Google last week launched a new social media service called Shoelace on its Area 120 experimental projects platform. Shoelace aims to keep users “in…
This article may be a little controversial but it is part of my mission to guide our entrepreneurs to success — and if we can stop our founders from wasting time doing things that will never bear fruit, then we are doing our job.
New venture founders are massively overly focused on VC-sourced funding – which may initially seem appropriate as lack of money is a problem that most startups face at sometime. However, there is undoubtedly a disproportionate amount of time and resource dedicated to seeking VC funding which will remain for most, a holy grail.
In the UK there were roughly 500 000 new businesses launched in 2014 and about 280 VC backed deals (Dow Jones VC Report and Companies House data) — that equates to 0.06% getting VC finance. Sure we can refine the calculation and eliminate certain types of new businesses, add in angel funding, consider cross-border transactions — but after all this even if you are in one of the more promising sectors the odds are certainly far less than three percent that a startup will ever get VC funding.
Unfortunately, 9 out of 10 entrepreneurs will probably already be thinking: “yes, but I am different and my business is definitely fundable.” Let’s test that. Ignoring all the slick pitches, frenetic networking and startup jargon, there are really only a few questions you need to answer:
Am I addressing a really big market?
- If I am successful, is the potential return on investment massive?
- Have I got concrete evidence that my model can deliver this (think sustainably, competition, risk levels, scalability)?
- Have I got a team that can definitely make this happen?
Answer “yes” to all of these and just maybe you are in the group who just might be right for VC’s. But remembering, it is not just your venture that is important, you are being compared against plenty of other potential investment opportunities as well.
Hypothetically, if you are in the group that might obtain a round of finance, do you really want it? VC’s will try and reduce risk and the best way to do that is by investing in businesses that have a higher likelihood of success and with big upward potential. That translates into businesses that already have significant traction with real paying customers. If you are in that situation, would you rather not consider using customer revenue to fund your growth?
The logical conclusion is to focus on getting to that desired level of traction. Even if , despite the warnings you still wish to seek VC funding, it would still make more sense to do all you can to reduce the riskiness of your business by proving that it works and in so doing, strengthen your negotiation position before you even consider seeking funds. What is more it also gives you the option to continue bootstrapping your business and retain control if funding does not become available at acceptable terms.
On the subject of control, this is another good reason to think long and hard about the funding route because once you are on board its going to feel like you are on the fabled train in Jethro Tull’s Locomotive Breath “ the train it won’t stop going, no way to slow down” (most readers won’t recognise the reference but will get the imagery). There will be constant pressure on you to exit or move to subsequent financing rounds. The good news is you could have a skyrocketing net worth; but the negative is your control over the business is going to be moving in the opposite direction.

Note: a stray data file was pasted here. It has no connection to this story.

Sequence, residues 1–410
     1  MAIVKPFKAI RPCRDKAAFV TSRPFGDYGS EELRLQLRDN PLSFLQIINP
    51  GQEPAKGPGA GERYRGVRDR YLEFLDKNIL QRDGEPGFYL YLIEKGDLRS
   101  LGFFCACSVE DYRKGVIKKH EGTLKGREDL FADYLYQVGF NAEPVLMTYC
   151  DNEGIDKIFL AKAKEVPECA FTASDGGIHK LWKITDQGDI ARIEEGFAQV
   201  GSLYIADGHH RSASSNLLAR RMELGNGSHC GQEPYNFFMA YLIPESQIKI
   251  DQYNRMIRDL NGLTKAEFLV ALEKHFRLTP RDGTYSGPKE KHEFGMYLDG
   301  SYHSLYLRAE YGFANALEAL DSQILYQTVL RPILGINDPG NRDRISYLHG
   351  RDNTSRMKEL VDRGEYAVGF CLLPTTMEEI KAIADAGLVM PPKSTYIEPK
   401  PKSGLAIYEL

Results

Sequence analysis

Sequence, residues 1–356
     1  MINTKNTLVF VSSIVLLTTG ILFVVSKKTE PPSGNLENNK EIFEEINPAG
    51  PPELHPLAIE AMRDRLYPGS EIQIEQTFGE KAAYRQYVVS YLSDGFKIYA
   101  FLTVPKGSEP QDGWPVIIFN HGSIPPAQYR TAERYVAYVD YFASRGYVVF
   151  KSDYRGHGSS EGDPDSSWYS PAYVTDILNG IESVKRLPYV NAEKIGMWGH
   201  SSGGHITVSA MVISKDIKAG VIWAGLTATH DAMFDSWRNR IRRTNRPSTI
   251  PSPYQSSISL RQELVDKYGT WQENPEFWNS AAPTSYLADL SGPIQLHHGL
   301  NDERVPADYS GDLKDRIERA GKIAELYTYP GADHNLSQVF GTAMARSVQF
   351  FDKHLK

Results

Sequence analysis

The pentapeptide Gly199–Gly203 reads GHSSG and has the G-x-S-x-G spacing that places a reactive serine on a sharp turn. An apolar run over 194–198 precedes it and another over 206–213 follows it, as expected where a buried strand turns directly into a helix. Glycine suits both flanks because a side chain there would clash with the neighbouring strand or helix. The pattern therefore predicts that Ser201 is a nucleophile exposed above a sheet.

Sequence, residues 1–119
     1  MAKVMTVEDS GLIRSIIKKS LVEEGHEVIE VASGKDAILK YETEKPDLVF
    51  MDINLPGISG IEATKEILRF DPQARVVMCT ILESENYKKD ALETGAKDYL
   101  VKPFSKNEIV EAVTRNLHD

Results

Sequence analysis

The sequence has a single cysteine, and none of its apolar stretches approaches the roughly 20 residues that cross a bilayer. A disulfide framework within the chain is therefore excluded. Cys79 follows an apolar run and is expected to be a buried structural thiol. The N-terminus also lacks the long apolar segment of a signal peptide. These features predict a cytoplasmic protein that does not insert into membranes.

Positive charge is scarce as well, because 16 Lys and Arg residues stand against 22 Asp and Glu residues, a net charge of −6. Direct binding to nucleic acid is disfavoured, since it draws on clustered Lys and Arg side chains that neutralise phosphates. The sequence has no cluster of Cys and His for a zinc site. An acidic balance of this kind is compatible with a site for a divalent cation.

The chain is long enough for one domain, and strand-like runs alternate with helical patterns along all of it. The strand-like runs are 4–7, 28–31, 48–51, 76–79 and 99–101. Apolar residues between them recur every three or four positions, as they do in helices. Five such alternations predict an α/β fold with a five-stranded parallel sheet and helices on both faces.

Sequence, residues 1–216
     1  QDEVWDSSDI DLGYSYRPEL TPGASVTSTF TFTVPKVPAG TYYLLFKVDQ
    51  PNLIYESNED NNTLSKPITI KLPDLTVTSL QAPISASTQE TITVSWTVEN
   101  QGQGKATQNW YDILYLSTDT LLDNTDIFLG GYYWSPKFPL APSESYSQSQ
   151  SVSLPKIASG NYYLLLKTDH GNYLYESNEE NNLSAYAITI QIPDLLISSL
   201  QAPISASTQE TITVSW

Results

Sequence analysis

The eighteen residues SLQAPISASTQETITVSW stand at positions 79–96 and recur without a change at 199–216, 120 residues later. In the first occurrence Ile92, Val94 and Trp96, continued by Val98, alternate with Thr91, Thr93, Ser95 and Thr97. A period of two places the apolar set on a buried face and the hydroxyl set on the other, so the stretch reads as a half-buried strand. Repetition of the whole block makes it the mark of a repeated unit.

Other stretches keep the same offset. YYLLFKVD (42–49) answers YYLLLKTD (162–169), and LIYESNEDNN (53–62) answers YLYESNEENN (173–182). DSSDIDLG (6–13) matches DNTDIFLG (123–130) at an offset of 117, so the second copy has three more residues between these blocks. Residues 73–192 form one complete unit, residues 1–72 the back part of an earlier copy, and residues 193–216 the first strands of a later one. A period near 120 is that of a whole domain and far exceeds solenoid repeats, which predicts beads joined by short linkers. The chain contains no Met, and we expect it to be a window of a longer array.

Furthermore if you do decide to go the VC path, you are going to have to get familiar with the ever more complicated terms and conditions that the VC’s are dreaming up. Terms like full ratchet anti-dilution and reverse vesting should make a founder’s blood run cold!
I am not anti-VC. I think the majority do a great job and have a valuable role in injecting money into the system. When they do invest they also generally add tremendous benefit in terms of support, experience, network and credibility. The leverage that people like AirBnB, Uber and the other “unicorns” have gained from these funds has been massive.
The inspiration and motivation that those successes provide is also a positive factor in encouraging entrepreneurship.
But lets not forget the VC’s raison d’etre is to make money for their funders, which means the better the deal they negotiate for themselves, the worse for you! Although I have heard some compelling and passionate presentations from these “suits” about how they desire to support and protect the entrepreneur, the fundamental is that a negotiation is a zero sum game and the VC’s normally hold the good cards.
In summary, we suggest:
Focus on building your business all the way to real traction and waste no time on the funding trail until then.
If you then fall into the category of VC-fundable, you can consider that path, but be highly attuned to what Wasserman calls the “cash versus control” in his book The Founders Dolemma. (see this HBR article)
Remember that funding does not equal success. Plenty of ventures fail post-funding, but the VC-funded casualties tend to be a lot messier to clean up.
So founders … concentrate on the areas that matter – insanely great products, customer acquisition and refining your business models to develop sustainable customer revenue streams. Learn to say “no” to the next sexy pitch or national startup event. You really do not have time for the distractions of searching for the VC Holy Grail while you have a business to build!